Article by Donna Iverson. Photo by Mary Tupper.
No, not that kind of pot. Sorry to disappoint. We’re talking terracotta pot gardening,
Terracotta pots, which translates from the Italian, as “burnt earth” is instantly recognizable by its reddish brown color. These fired clay pots are heavy, unglazed, and have a small hole in the bottom for drainage. The red color comes from the iron oxide that is released during kiln firing.
The advantages of gardening with terracotta pots are many. In my opinion, first and foremost is aesthetic appeal. The colors of red and green, being opposite on the color wheel, makes plant leaves pop out against the earthy colored pot. And terracotta gives an ancient natural look to your garden.
Terracotta comes in many shapes and sizes and can be bought with matching terracotta saucers. Compared to other plant pots made of plastic, metal, glazed clay, or porcelain, they are also relatively inexpensive and widely available.
These pots are heavy and won’t blow over on your patio or deck. They have excellent drainage and the pots are porous allowing both air and moisture to be exchanged with the outside. In effect, the pots breathe. They are also recyclable.
On the downside, they do need watering more often although some plants prefer a drier medium, like succulents and Mediterranean herbs. But your vegetables will be happy growing in terracotta pots also, with many a tomato finding a happy home there. Plus they can be easily moved around to accommodate changing conditions and easily replanted if needs be. Come fall, they can be brought inside.
When buying a terracotta pot it is good to soak them overnight so that the clay doesn’t wick water away from the soil. If after a few years they develop a white stain, the pots can be soaked in vinegar water to remove it.
A neat trick when filling your pots with plants is to insert a coffee filter in the bottom so that the potting soil doesn’t leak out through the bottom hole.
You will find many terracotta pot shapes and sizes. There are tiny pots smaller than teacups and large pots that you may need help lifting. The standard terracotta pot is as tall as it is wide. English style pots have slanted sides and a rim, while Italian pots are rimless and have only slightly slanted sides. There is a pot form called Long Tom which is tall and rimless and diminutive pots that are only half as tall as wide and are used to plant bulbs.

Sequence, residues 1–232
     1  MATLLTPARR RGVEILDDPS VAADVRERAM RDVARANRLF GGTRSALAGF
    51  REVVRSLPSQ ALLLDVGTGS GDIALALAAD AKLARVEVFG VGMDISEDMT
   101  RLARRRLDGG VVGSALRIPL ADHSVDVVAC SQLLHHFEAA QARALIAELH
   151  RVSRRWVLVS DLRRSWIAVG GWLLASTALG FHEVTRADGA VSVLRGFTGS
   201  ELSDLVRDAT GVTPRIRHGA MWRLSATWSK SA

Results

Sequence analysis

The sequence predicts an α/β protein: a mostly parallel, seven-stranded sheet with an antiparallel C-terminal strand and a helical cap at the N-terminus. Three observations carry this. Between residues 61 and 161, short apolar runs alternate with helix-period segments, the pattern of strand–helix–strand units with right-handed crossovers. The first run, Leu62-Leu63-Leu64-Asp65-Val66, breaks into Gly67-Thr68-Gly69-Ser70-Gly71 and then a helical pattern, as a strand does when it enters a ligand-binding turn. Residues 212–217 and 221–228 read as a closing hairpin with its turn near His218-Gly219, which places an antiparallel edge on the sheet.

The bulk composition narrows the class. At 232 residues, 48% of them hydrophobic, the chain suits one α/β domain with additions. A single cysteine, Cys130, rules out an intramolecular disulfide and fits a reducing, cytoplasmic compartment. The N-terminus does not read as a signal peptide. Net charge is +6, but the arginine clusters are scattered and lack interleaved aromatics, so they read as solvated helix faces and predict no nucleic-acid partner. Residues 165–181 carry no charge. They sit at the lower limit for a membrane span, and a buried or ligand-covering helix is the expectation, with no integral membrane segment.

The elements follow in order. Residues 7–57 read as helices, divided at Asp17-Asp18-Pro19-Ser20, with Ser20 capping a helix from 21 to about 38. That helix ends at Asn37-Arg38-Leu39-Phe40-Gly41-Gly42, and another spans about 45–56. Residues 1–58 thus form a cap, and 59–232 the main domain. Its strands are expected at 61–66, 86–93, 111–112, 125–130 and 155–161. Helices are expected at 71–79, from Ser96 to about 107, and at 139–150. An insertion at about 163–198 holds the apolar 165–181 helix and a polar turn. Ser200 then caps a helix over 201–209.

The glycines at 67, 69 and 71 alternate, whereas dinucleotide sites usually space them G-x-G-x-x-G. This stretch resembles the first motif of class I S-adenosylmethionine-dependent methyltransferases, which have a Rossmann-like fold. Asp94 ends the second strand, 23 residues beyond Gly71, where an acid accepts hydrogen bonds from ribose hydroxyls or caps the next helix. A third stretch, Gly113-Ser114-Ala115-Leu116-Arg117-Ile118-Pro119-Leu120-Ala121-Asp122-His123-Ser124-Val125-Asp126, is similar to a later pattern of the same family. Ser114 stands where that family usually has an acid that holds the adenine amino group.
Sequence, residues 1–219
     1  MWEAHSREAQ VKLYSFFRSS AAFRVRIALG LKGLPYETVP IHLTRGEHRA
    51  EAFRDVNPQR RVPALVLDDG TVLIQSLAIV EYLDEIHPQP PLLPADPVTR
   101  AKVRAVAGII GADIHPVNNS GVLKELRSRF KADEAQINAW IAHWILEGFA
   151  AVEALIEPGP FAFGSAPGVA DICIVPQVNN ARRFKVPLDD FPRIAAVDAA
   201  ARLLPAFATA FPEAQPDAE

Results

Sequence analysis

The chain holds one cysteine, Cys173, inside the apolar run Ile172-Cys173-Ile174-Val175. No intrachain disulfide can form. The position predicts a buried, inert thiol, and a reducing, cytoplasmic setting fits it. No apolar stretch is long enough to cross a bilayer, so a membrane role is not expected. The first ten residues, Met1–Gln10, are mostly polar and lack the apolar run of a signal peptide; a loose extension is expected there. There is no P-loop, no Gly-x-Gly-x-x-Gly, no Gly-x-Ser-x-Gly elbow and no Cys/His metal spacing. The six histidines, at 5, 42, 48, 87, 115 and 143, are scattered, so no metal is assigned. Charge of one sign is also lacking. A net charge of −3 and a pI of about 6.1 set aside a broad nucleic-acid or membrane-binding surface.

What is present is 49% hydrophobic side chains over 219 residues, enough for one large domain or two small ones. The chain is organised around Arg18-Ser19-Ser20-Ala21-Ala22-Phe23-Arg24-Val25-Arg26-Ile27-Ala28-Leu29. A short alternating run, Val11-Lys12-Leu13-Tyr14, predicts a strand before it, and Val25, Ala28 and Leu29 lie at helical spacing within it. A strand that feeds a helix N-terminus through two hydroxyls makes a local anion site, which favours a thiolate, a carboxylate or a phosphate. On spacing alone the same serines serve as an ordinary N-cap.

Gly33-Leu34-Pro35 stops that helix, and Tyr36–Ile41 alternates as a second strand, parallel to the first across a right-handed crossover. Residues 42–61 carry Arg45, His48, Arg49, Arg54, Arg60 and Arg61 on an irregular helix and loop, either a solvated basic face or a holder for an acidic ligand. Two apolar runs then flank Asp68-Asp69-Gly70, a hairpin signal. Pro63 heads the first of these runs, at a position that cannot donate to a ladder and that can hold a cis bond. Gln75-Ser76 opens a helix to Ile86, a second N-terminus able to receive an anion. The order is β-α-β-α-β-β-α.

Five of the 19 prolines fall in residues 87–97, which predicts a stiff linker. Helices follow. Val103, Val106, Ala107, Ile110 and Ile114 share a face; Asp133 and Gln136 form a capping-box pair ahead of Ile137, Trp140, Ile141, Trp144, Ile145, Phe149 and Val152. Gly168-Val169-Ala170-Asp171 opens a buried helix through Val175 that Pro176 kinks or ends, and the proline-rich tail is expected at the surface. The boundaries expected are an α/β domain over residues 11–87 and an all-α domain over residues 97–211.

Most of our terracotta plants are imported from Europe or Mexico although there are a few American pottery manufacturers who produce them, like Marshall Pottery in Texas https://marshallpottery.com
If you are a beginning gardener or a seasoned one, adding a few pots of plants, whether flowers or vegetables, to any patio or yard makes a great visual statement and will provide you with much summer pleasure.
Photo and article by Donna Iverson
Plants that self seed in unexpected places have always intrigued me. ...especially when they are hybridized flowers gone rogue.
So when I spotted this sweet little nasturtium growing along the edge of a raised bed in my community garden, it gave me an idea. Maybe I could plant nasturtium seeds in sidewalk cracks, waste places and abandoned city lots. And more people could enjoy these mini “ life in the cracks” surprises.
So I bought some Nasturtium seeds, which are large and round and easily pushed into the ground. In fact, Nasturtiums are a perfect plant for this undertaking. They will grow in sandy soil and need little watering or fertilization. Just the conditions we have here in West Michigan. And it turns out there is a name for what I’m doing...guerilla gardening.
Of course, Nasturtiums are very happy in your yard or garden also. They are easy to grow, making them good plants for beginning gardeners and children. Seeds can be planted after the last spring frost about half an inch deep in the soil, and plants will reliably produce leaves and flowers in a relatively short time. Traditional flower colors include red, yellow, orange, and creamy white.
There are many other reasons to plant Nasturtiums. Planting them near the vegetable garden can serve as an aphid trap, drawing garden pests away from the produce. Nasturtiums also attract bees, butterflies and hummingbirds if a pollinator garden is what you are after. And the trailing varieties will cover an unsightly wall or fence.
A member of the mustard family, Nasturtiums are native to Peru and symbolize patriotism. This annual flowering herb will self sow and grows wild in our southern and western states. It’s name comes from the French word meaning “nose twister.” Popular varieties include Alaska Salmon, Orchid Flame, Cherry Rose, Purple Emperor, Black Velvet, Canary Creeper, and Bloody Mary. There is also a variety called Yeti, named after the ape-like mythical creature of the Himalayan mountains.
Cooks and foragers will find many uses for Nasturtiums. All parts of the plant are edible including leaves, flowers and seed pods. It can be added to soups, salads, omelettes, and pizza. The lily-pad leaves make a tasty pesto and it is high in Vitamin C, iron and lutein.